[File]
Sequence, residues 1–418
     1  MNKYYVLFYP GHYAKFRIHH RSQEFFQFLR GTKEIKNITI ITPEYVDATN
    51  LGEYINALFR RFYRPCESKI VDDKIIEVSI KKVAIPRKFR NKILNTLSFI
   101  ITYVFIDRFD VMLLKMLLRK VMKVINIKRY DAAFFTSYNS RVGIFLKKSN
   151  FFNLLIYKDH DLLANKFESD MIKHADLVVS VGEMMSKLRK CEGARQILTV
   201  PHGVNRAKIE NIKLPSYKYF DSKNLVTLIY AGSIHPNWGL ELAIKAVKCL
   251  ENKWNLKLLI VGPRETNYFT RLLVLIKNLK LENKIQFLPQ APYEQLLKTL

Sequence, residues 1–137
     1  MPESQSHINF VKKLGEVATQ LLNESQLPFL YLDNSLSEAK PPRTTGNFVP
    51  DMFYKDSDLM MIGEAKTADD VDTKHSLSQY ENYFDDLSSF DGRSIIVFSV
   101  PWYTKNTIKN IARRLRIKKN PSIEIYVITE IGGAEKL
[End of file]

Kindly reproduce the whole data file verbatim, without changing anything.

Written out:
Sequence, residues 1–418
     1  MNKYYVLFYP GHYAKFRIHH RSQEFFQFLR GTKEIKNITI ITPEYVDATN
    51  LGEYINALFR RFYRPCESKI VDDKIIEVSI KKVAIPRKFR NKILNTLSFI
   101  ITYVFIDRFD VMLLKMLLRK VMKVINIKRY DAAFFTSYNS RVGIFLKKSN
   151  FFNLLIYKDH DLLANKFESD MIKHADLVVS VGEMMSKLRK CEGARQILTV
   201  PHGVNRAKIE NIKLPSYKYF DSKNLVTLIY AGSIHPNWGL ELAIKAVKCL
   251  ENKWNLKLLI VGPRETNYFT RLLVLIKNLK LENKIQFLPQ APYEQLLKTL

Sequence, residues 1–137
     1  MPESQSHINF VKKLGEVATQ LLNESQLPFL YLDNSLSEAK PPRTTGNFVP
    51  DMFYKDSDLM MIGEAKTADD VDTKHSLSQY ENYFDDLSSF DGRSIIVFSV
   101  PWYTKNTIKN IARRLRIKKN PSIEIYVITE IGGAEKL